“To me, science feels like a giant mystery where the clues are just waiting there for you to find,” says Dr. Rachael Webster, one of our 2019 Honored Instructors who teaches Medical Microbiology.
Learning biology can be notoriously dry and difficult, but Rachael “wants to make people feel motivated to learn challenging, detailed material.” So she has put a lot of effort and thought into creating a curriculum with an “infotainment approach.”
“It is a huge challenge to translate the course material into a cohesive story that is compelling enough to keep students’ eyes from glazing over,” she explains. “Many students are either overwhelmed and intimidated by the sheer amount of information presented in many biology courses, or are bored silly because of the way the material is presented. I remember having those feelings as a student, so I push myself to design courses that I would have been excited to take.”
“I tell jokes or make the information entertaining or silly, or tell embarrassing stories about my experiences as an undergrad, grad student or a parent of young kids that relate to the material,” Rachael answers. “The students can feel how the information is relevant and feel like I understand who they are, and that I meet them at their level. It's about making the information come alive instead of just being words on a PowerPoint or in a book. ”
The Road to Teaching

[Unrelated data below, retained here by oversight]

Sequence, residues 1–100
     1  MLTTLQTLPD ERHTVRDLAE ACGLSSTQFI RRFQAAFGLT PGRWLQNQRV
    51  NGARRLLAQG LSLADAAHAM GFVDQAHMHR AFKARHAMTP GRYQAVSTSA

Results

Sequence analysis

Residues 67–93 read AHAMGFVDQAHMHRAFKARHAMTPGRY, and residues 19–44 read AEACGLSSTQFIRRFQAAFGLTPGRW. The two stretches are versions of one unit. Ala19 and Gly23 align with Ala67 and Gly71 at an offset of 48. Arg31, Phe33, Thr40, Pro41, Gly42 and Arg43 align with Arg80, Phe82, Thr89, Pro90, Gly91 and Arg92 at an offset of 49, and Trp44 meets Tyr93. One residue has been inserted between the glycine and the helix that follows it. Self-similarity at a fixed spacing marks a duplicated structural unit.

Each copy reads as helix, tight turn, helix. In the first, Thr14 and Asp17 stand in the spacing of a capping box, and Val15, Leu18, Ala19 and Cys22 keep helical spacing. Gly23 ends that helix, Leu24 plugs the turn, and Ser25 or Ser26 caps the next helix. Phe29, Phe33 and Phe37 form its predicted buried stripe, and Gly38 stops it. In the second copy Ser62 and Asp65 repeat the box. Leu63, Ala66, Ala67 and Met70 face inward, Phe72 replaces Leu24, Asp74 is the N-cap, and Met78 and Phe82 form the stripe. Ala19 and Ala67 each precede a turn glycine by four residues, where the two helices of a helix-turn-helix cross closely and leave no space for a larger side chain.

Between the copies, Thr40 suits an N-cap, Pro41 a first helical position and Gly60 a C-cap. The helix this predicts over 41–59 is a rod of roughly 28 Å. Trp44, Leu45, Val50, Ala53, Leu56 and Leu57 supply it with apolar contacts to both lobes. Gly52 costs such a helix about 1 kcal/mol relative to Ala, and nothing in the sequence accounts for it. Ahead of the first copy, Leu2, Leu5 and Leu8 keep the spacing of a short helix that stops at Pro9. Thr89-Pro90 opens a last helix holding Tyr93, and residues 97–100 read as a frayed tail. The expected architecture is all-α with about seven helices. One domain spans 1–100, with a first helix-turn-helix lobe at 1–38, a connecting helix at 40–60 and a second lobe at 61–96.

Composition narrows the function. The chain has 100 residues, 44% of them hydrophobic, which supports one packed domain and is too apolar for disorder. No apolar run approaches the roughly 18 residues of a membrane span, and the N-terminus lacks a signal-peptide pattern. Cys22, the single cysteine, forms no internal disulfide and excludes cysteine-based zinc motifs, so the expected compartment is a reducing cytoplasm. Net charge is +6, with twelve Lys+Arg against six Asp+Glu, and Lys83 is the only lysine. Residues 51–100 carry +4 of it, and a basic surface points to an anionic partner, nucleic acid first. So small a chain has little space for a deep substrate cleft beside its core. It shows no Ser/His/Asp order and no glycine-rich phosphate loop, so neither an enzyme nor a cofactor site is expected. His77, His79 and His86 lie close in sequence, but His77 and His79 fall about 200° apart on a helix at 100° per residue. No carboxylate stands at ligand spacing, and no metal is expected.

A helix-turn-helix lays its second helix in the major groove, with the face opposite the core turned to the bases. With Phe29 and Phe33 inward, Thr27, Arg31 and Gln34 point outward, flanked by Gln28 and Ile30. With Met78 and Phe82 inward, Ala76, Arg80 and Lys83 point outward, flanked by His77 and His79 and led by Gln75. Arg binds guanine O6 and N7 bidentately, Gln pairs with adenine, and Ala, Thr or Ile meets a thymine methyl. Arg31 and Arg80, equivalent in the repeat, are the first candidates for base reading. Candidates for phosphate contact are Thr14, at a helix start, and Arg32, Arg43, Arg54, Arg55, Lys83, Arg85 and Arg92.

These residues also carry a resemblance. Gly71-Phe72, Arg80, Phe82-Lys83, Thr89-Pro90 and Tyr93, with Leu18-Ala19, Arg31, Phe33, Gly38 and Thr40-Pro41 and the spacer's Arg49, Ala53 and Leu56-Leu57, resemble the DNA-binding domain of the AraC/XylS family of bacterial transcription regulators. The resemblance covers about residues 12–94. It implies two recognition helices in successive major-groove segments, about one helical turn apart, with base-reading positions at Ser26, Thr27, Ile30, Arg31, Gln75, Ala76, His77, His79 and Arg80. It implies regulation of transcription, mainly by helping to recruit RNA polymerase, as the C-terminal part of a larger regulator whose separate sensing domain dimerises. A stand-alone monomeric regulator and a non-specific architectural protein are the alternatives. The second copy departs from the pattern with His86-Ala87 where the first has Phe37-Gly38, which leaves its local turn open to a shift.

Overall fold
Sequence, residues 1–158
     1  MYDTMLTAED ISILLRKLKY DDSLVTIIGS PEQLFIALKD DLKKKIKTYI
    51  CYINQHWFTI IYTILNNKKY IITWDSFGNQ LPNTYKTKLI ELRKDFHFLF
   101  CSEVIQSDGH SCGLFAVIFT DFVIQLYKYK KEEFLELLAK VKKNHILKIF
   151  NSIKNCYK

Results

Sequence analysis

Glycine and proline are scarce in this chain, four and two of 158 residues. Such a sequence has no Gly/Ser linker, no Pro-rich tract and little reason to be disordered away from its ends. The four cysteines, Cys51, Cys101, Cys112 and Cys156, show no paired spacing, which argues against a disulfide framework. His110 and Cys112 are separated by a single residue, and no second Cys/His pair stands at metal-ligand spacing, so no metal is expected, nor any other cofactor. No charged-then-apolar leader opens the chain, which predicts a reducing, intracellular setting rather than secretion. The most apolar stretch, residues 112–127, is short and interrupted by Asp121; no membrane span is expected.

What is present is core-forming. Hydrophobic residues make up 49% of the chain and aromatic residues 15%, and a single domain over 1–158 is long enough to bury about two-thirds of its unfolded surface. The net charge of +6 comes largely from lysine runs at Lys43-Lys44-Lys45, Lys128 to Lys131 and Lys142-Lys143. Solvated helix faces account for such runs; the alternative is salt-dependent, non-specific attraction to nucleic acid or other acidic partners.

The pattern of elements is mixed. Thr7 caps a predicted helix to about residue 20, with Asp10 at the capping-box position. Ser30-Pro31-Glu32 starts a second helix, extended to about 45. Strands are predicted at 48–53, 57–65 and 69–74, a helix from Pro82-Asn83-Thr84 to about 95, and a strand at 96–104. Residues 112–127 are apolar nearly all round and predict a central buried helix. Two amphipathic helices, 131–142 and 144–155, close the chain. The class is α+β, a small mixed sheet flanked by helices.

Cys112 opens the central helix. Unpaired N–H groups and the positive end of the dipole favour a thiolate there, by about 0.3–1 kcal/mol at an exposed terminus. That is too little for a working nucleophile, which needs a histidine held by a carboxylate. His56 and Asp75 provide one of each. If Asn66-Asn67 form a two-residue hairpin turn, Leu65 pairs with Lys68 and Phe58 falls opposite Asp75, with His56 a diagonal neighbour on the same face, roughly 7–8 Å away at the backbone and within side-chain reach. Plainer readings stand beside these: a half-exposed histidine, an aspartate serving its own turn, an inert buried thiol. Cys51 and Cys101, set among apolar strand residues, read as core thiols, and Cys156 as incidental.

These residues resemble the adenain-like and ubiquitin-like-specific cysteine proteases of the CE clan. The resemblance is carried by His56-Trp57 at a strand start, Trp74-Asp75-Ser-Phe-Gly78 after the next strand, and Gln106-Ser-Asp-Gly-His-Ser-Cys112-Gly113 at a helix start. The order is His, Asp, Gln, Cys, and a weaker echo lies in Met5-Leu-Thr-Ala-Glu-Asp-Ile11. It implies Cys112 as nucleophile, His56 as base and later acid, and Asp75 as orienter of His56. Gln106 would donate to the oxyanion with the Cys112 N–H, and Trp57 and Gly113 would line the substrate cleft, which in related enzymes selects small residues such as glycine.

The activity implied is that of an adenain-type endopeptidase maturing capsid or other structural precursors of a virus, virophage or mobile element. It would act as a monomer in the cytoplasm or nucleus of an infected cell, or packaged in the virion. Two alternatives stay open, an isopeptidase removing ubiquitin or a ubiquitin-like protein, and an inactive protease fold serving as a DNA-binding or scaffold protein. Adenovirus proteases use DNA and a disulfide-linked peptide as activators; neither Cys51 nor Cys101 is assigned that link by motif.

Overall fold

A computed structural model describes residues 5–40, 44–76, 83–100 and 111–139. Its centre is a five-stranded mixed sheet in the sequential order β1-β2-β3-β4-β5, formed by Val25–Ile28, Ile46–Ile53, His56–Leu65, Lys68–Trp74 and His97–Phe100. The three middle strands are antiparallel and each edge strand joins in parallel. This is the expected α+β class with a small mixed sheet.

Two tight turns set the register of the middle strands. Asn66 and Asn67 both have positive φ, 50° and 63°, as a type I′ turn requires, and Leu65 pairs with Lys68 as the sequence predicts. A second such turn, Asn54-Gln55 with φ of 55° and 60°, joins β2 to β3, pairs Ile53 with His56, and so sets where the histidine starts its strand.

Rachael’s passion for sharing scientific knowledge and making it lively and relevant dates back to childhood.
“When I was little, I would set up a classroom in front of a chalkboard in our basement and subject my younger brother to my ‘lessons,’” she fondly remembers. “In high school, I spent hundreds of hours volunteering at the local zoo and at the science museum, engaging with visitors about the exhibits.”
While majoring in biochemistry at Rice University, she again found herself making science come alive in a basement: working as the teaching assistant for an 8-hour lab held in an old building on campus called “The Dungeon.” She calls this experience the most memorable of her undergraduate academic career.
“Dr. Beason, the professor who taught the lab, was amazing! She was spunky and creative. I thought she had the best job ever— teaching labs—and I really wanted to be her when I grew up! I wanted to be around her, be her TA and soak up as much as I could from her. She was so magnetic, positive and fun despite teaching a lab in a place called The Dungeon. With that name, most students started out thinking it would be a nightmare.
“The lab was run like a real science experiment,” continues Rachael. “It built on itself each week, so you didn't want to screw up one week as you would then be in a pickle the next week. It was sooooo long and tedious. You set something up and wait—there is a lot of waiting in the lab. That is how real science works.”
This experience immersed her in the realities of a scientific career: “Having this experience as an undergrad was fabulous as I got to see what real science was like, and how to build skills and multitask while I waited,” says Rachael. “I loved the experience both as a student and TA, as I was able to introduce other students to this crazy-rigorous thing. I could make it less terrible by having fun and helping them not freak out about it, as many of them were pre-med students.”